Water Management

Addressing water challenges requires that water managers apply an integrated and interdisciplinary approach, involving hydrological, biophysical, chemical, economic, institutional, legal, policymaking and planning aspects. The Water Management Programme provides such an approach.

Please read all information carefully

Click on the specialization of your interest and read all information carefully or visit our Frequently Asked Questions page. Most likely you will find the answer to your question there!

Specializations of Water Management

Water Conflict Management

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    What is Delft based

    This programme will run entirely at UNESCO-IHE in Delft, the Netherlands

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    Delft based

Water Resources Management

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    What is Delft based

    This programme will run entirely at UNESCO-IHE in Delft, the Netherlands

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    Delft based

Water Services Management

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    What is Delft based

    This programme will run entirely at UNESCO-IHE in Delft, the Netherlands

    close
    Delft based

Water Quality Management

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    What is Delft based

    This programme will run entirely at UNESCO-IHE in Delft, the Netherlands

    close
    Delft based
MSc Programmes

New: Tailor-made Study Profiles in Water Management MSc Programme

From the academic year 2014-2016 onwards it will be possible for students to compose their own study trajectory within the Water Management Master Programme. After a foundation phase during which students are exposed to the different disciplines involved in the water management domain, students can compile a study profile from a wide range of available courses and variety of thesis research topics to ensure that the educational programme is fully aligned with their professional needs.

They will be guided in this process by professional coaches who will encourage students to reflect on their knowledge and skills, advice them on career possibilities and assist them in selecting a suitable tailor-made study profile. The coaches have extensive knowledge on the needs of the water sector in various parts of the world and student's employers will be consulted in the process.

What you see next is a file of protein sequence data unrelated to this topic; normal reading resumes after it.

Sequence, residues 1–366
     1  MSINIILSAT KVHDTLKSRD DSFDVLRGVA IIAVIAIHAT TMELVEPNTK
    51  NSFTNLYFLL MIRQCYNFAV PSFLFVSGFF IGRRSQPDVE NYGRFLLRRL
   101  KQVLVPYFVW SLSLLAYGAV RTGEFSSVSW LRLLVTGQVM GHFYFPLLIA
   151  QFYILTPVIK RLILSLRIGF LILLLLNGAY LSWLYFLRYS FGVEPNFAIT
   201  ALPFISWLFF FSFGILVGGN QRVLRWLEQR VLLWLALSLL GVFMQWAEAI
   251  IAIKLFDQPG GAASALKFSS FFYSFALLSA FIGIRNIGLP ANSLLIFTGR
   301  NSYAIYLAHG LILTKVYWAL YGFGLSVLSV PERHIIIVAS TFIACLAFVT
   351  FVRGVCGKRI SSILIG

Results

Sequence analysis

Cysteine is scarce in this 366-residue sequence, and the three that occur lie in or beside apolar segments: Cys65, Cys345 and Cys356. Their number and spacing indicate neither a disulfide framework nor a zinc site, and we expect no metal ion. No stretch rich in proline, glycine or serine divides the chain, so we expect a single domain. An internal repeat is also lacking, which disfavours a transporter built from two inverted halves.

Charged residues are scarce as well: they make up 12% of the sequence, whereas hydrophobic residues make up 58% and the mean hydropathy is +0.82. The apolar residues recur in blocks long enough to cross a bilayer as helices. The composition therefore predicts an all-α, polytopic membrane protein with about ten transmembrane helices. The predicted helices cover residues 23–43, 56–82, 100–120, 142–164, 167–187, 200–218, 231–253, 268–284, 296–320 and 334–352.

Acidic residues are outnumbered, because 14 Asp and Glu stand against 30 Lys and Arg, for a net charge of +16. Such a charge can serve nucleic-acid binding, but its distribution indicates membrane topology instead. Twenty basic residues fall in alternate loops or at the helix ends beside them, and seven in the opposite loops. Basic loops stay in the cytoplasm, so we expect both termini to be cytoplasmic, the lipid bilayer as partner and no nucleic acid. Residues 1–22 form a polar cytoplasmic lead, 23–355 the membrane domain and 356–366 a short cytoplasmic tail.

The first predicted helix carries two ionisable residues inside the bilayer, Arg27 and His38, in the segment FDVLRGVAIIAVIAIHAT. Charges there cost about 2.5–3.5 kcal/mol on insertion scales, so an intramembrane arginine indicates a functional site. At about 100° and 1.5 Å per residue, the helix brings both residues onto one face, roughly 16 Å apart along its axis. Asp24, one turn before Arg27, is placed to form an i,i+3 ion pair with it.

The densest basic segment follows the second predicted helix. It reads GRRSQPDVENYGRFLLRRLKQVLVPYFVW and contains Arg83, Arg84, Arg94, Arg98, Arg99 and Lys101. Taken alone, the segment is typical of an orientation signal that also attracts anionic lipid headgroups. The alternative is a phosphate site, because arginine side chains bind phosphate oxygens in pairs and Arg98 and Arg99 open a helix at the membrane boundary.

Where appropriate, students can also opt for one of the thematic study profiles, including water resources management, water services management, water conflict management and water quality management. An integration phase towards the end of the taught part of the programme will ensure that students get hands on experience with integrated approaches and multidisciplinary collaboration.

We believe that maximum flexibility within an overall framework of the Water Management Master Programme and career-oriented advice are essential to improve the learning experience of our students and will increase the impact of our education on the water sector.

What does this mean for prospective students?

Prospective water management students have two options:

Aim of the programme

The programme brings together the scientific study of water resources with practical planning and management skills. Participants are encouraged to study water management from a multi-disciplinary perspective and to seek integrated solutions. Twelve months of blended and innovative learning methods, including lectures, laboratory and field work, case studies, group work, role-plays and self-study, are complemented by six months of applied research in the field of water management theory and practice.

The Water Management Masters Programme aims to develop knowledge, insight and skills required to design, implement and evaluate water management policies and strategies to achieve effective governance of water resources. Once they have successfully completed this programme, graduates will be able to:

  • describe the rational for an integrated and interdisciplinary approach for managing the water system;
  • identify and critically assess the different functions of the water resources system and the – often competing – interests of the various water users;
  • design, apply and evaluate models for institutional arrangements with emphasis on institutional reforms, policy development and good governance;
  • conduct, independently or in a multidisciplinary team, research. 

Context

Many regions of the world are increasingly facing challenges when it comes to managing water, and the nature of these challenges differs from one location to the next. It may relate to having too little water while water demands are growing explosively (water scarcity), too much water (flooding), and water of poor quality rendering them unfit to sustain the ecosystem or challenges related to providing water for people, industry and agriculture.